Seventeen years later, the mystery of the bizarre artifact remains unsolved—its origins, architects, and purpose unknown. Its carbon dating defies belief; military reports are redacted; theories are floated, then rejected.

But some can never stop searching for answers.

Rose Franklin is now a highly trained physicist leading a top secret team to crack the hand’s code. And along with her colleagues, she is being interviewed by a nameless interrogator whose power and purview are as enigmatic as the provenance of the relic. What’s clear is that Rose and her compatriots are on the edge of unraveling history’s most perplexing discovery—and figuring out what it portends for humanity. But once the pieces of the puzzle are in place, will the result prove to be an instrument of lasting peace or a weapon of mass destruction?

The whole time I was reading this novel, I just could not get over how much it felt like The X-Files. It has science, government conspiracies, potential aliens, political intrigue, and a mysterious Puppet-Master; the only thing it’s missing is Mulder in 90’s jeans (YUM!).

But honestly, this was a very interesting read. Much akin to Illuminae, the format is a-typical, since the whole novel is told via interviews, journal entries, and military reports. This made it a very quick read but it also included a lot of scientific mumbo jumbo when interviewing certain characters, so I got bogged down a few times. Pierce Brown’s blurb likened it to Wier’s The Martian, which managed to subtly integrate science and math into an action packed sequence of events. Neuvel attempted to accomplish the same feat, but it wasn’t nearly as effortless and fluid. I ended up skimming over these parts instead of tolerating science long enough to subconsciously learn something.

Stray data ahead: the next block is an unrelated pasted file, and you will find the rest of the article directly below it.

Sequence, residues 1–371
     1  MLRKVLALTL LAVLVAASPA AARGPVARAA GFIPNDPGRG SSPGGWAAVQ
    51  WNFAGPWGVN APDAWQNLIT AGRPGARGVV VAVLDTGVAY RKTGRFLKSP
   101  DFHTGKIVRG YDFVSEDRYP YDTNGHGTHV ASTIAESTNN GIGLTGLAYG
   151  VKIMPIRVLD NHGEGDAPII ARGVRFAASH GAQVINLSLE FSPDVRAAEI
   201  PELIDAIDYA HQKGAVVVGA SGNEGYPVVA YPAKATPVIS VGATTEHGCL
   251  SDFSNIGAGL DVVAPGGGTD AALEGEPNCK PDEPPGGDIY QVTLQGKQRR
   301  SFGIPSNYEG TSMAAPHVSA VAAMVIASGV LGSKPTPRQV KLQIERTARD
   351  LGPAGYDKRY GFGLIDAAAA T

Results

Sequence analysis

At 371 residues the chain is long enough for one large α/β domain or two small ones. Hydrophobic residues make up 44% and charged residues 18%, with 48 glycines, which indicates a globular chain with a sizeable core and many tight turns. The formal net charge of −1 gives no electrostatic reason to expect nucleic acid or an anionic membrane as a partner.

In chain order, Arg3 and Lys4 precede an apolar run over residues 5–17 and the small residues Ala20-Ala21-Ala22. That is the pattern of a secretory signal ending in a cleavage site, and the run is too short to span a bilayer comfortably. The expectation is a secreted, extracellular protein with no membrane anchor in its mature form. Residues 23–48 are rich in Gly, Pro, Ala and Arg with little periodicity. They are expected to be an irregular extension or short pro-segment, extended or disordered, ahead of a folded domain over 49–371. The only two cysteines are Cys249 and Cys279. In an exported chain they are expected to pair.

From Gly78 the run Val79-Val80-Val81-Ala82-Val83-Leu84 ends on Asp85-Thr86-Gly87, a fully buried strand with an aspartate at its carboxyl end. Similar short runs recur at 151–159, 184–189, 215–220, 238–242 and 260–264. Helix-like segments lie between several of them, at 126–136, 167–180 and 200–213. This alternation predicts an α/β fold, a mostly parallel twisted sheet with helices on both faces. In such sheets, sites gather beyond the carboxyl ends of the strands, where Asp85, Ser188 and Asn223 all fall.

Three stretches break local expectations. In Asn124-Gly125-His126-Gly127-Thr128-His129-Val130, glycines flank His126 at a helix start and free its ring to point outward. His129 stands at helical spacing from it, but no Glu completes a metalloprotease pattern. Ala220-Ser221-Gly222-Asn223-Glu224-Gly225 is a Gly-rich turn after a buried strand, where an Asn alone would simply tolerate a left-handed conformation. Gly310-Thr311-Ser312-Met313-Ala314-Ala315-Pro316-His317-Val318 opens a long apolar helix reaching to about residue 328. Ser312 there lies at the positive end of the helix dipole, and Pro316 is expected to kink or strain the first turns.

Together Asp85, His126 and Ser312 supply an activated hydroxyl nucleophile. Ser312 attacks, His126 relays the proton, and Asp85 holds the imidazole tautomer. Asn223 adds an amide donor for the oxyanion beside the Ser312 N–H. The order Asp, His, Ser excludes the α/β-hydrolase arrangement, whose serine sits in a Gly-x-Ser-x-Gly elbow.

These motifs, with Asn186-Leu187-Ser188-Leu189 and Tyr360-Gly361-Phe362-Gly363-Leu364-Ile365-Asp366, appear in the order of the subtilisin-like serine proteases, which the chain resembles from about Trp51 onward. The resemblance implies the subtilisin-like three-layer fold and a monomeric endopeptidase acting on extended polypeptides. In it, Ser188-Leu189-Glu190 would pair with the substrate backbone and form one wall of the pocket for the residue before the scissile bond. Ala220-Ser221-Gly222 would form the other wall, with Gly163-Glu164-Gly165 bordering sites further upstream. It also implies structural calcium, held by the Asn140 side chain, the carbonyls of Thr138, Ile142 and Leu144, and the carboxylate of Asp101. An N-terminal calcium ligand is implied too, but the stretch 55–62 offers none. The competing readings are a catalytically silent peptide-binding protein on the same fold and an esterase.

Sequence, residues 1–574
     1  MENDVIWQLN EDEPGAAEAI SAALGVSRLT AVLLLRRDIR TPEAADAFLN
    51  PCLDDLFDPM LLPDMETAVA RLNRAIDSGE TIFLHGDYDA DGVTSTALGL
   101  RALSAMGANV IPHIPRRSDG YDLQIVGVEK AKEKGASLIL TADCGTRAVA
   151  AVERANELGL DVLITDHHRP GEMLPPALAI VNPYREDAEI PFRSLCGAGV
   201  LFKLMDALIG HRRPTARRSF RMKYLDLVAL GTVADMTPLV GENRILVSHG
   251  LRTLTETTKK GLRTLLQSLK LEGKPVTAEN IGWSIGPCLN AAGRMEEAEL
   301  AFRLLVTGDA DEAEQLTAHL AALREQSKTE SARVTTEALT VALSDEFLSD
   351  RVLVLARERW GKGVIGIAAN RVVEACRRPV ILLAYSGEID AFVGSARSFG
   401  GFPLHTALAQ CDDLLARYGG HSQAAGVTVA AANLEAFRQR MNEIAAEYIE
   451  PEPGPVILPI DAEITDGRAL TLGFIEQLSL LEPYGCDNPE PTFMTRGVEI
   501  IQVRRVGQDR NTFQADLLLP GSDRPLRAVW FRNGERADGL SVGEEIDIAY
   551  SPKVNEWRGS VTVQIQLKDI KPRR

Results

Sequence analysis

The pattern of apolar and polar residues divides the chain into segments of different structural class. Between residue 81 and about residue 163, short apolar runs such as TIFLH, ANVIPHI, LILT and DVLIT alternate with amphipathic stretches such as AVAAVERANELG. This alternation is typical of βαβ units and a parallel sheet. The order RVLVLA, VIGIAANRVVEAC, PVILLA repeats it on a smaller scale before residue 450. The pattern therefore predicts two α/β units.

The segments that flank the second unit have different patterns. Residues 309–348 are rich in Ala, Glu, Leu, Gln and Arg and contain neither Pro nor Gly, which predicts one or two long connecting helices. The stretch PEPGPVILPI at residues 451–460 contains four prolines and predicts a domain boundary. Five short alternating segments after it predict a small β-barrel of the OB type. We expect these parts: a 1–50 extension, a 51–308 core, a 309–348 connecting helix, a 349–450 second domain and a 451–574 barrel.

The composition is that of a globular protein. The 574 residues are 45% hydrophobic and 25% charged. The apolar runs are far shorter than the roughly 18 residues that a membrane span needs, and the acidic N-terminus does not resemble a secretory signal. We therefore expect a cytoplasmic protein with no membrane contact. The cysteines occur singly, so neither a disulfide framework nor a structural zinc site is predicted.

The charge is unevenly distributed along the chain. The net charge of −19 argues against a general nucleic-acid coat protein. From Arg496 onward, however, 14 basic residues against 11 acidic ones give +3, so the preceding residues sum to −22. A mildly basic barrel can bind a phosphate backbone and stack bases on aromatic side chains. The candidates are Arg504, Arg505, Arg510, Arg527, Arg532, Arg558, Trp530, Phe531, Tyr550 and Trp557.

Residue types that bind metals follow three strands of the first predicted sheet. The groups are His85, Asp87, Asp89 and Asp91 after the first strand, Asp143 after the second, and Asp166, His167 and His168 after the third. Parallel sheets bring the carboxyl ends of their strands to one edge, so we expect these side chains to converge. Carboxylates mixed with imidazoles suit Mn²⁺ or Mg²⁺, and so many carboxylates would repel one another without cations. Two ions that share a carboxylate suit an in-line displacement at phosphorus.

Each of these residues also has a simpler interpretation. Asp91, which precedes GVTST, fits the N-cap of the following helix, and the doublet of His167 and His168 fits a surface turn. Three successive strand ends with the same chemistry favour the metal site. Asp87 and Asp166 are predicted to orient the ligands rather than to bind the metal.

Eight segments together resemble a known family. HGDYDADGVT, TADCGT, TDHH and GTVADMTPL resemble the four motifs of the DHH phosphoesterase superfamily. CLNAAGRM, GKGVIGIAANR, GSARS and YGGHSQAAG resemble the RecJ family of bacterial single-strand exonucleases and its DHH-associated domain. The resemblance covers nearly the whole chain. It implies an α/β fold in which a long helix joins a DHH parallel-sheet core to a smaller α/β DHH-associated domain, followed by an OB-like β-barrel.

Otherwise, I loved the format. I’d like to see more variance next time; about 90% of the story was told in interviews and I think more sources and more rotation would keep readers more interested. Illuminae did it best, but Secret Giants isn’t too far behind.

The main issue for me was that the characters were not particularly likable. This is partly due to the ways in which these characters were portrayed; some were cold and distant, some were psychopaths, some were pathetic, and the rest were entirely forgettable. Only one character was likable, but maybe that’s because I don’t often relate to the militaristic, emotionally damaged bossypants. The other possibility is that the unreliable narration did its job and I’m not sure whom I trust. This honestly may not be a problem for other readers, but it was a problem for me. I have a hard time committing, emotionally, to a book if I can’t forge a connection with any of the characters. Don’t believe me? Ask my review of The Girl on the Train.

Overall, 4 stars. It wasn’t a book that consumed my thoughts when I wasn’t able to read, but it was certainly an interesting and unique idea. It was moderately clean; minor sexual references; I don’t remember curse words… definitely a good choice for anyone interested in science, robotics, and/or aliens.

P.S. it’s the first in a series and the epilogue did a serious mic-drop DRAMA moment, so I’m jazzed to keep going!

I want to believe!!!

 

6 Comments

Filed under Book Review, Lindsay, Wednesdays with Lind-say!